At least 4 dead, 48 injured in NYC train derailment

Train derailment

A Metro-North passenger train has derailed in the Bronx area of New York City, with reports of at least 4 deaths and 48 injured, according to reports from NBC.

Rebecca Schwartz, a witness at the scene, told the AP news agency that some of the carriages were submerged in water and that numerous emergency vehicles were at the scene. However, photos taken by witnesses show the cars just derailed without slipping into water. Local media say up to 100 firefighers are at the scene. Police later said tat the carriages were not submerged in water.

There is no information yet on how many people were travelling on the train. 

The derailment happened just north of Manhattan, near Spuyten Duyvil station, shortly after 7 a.m. Sunday. According to ABC, the train was the 5:54 from Poughkeepsie to Grand Central and was due to arrive into Grand Central at 07:43.

Five cars of the train's seven carriages came off the track about 100 feet north of the station just after 7 am MTA spokesman Aaron Donovan told WCBS 880 radio. 

Donovan who was working near the scene of the crash said the noise was so great he thought a plane was coming in.

“I was at my desk at my computer, and I thought a plane was coming in. I jumped away. Then after the noise stopped, I looked out the window and saw the derailment, and I called 911 right away,” he said.

Frank Tatulli, a passenger who managed to get out of the wreck on his own despite suffering head and neck injuries, told WABC radio that he thought the train was travelling faster than usual.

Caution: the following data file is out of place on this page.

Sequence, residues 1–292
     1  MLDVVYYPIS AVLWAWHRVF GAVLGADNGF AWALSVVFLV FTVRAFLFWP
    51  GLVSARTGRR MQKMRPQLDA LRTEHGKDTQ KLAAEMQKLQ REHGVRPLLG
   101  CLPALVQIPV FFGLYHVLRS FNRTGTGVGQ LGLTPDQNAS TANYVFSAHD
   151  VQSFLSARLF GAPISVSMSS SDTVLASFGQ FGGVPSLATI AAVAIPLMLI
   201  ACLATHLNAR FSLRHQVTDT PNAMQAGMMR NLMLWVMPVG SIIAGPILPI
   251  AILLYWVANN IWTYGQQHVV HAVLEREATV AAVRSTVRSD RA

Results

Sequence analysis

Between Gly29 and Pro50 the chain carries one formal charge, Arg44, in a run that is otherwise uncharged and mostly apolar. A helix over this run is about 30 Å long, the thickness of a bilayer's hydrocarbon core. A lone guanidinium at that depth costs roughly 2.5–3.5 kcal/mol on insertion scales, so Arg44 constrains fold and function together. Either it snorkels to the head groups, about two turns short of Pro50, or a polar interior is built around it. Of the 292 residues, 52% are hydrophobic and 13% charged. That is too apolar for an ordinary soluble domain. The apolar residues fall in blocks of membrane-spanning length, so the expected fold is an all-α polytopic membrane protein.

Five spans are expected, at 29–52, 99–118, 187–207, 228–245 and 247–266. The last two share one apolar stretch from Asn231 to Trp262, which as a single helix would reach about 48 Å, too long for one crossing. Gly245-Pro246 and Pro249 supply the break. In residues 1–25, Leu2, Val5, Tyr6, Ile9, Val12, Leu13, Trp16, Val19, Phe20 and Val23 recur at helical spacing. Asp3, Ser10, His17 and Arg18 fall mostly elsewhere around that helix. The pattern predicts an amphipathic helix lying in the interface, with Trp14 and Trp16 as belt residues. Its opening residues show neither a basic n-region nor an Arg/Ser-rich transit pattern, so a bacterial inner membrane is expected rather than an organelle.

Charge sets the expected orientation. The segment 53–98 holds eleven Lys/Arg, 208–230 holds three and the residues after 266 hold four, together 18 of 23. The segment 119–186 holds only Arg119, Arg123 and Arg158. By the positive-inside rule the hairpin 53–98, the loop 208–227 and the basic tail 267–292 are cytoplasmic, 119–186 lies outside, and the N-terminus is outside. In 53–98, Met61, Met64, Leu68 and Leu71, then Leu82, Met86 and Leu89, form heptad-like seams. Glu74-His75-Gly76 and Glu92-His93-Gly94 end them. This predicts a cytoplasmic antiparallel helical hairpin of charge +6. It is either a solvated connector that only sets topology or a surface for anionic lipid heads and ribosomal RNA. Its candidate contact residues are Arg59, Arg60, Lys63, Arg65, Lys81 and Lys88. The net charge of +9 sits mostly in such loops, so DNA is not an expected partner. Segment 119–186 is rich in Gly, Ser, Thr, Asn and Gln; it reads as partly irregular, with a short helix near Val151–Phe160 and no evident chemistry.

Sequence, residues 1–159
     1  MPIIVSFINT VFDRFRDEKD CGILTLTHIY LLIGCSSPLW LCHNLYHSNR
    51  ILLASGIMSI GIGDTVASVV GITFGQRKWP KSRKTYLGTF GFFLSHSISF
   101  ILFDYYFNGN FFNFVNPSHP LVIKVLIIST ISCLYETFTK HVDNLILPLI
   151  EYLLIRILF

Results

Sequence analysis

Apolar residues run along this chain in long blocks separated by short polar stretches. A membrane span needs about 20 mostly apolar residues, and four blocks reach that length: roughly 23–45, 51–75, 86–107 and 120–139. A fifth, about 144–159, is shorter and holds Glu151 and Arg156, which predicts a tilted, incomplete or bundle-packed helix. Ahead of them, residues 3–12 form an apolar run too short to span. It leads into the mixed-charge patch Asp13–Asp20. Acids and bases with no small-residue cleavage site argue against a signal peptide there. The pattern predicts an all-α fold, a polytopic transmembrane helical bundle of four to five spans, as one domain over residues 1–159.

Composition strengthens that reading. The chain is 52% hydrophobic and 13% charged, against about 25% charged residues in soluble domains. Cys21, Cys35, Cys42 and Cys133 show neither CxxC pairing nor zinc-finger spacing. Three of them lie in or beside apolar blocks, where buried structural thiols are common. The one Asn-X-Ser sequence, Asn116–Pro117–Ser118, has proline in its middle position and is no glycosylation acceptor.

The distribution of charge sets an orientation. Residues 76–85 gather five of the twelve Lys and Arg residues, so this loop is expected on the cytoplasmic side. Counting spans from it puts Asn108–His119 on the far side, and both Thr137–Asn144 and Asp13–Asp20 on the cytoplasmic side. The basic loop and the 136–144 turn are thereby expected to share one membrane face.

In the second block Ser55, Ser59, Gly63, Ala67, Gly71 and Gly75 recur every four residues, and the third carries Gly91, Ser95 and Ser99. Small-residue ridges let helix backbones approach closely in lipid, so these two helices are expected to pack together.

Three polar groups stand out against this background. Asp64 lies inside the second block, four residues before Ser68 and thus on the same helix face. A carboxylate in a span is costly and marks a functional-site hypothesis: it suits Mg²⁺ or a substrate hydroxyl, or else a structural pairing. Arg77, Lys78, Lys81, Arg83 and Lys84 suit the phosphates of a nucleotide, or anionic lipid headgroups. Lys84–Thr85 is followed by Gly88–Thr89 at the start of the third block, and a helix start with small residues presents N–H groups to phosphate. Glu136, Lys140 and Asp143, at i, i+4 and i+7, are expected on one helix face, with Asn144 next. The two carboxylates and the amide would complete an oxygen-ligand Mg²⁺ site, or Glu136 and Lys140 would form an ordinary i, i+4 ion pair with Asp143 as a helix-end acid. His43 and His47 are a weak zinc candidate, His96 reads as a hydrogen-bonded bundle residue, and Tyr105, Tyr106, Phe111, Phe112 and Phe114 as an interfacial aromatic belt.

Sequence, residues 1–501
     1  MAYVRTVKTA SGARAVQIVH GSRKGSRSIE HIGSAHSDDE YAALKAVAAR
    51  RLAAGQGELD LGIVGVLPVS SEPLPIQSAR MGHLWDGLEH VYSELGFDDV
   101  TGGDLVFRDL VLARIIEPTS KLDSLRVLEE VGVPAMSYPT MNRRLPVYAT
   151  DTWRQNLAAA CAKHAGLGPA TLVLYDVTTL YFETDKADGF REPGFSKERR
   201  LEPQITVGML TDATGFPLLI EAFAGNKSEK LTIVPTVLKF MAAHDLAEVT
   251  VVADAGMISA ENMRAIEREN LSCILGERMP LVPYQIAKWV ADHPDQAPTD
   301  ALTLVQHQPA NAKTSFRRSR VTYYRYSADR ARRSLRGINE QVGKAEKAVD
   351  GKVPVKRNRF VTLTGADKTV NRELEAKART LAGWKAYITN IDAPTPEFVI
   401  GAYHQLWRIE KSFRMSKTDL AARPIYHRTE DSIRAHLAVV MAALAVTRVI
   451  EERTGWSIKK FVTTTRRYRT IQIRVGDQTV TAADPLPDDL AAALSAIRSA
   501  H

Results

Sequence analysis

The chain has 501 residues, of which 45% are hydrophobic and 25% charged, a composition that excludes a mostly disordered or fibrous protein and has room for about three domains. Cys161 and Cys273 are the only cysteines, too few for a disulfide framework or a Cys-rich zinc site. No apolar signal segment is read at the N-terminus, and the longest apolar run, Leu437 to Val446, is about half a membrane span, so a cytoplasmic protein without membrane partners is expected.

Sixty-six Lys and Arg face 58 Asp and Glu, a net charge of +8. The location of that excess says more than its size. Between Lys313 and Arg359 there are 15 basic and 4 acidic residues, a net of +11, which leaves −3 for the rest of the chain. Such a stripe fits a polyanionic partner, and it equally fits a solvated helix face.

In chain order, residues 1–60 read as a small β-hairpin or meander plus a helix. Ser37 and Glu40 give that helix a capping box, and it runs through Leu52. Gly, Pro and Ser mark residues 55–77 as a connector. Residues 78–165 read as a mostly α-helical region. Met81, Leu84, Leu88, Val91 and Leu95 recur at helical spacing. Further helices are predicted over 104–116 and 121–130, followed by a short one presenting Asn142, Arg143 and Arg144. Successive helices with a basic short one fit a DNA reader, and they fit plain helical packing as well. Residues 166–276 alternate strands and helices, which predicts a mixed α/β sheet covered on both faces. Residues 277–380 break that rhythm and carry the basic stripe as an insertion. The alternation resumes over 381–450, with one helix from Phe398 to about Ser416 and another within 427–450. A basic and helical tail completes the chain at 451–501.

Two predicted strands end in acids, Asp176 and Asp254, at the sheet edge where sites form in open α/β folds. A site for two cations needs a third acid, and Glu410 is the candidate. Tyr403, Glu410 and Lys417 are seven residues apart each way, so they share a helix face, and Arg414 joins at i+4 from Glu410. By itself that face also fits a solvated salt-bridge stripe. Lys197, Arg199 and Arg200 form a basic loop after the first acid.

The line involved in the accident serves Metro-North’s Hudson line, which serves dormer towns like Croton-Harmon, Peekskill, Ossining and Yonkers.

Metro North said in a tweet that the service on the line is currently suspended.


At a court hearing in November following an earlier derailment on the New Haven Branch of the Metro-North railroad on May 17, a railroad official said that maintenance on the network was way behind schedule.

At the National Transportation Safety Board hearing in Washington DC chief engineer Robert Puciloski said the railway was “behind in several areas” including a five year schedule of cyclical maintenance and that there was no system in place to replace retiring workers.

On May the 17 an eastbound train struck a westbound train at Bridgeport injuring 73 passengers, two engineers and a conductor.

And on May 28 a track foreman was struck and killed by train in West Haven. He had requested that the section of the track he was working on be taken out of service.


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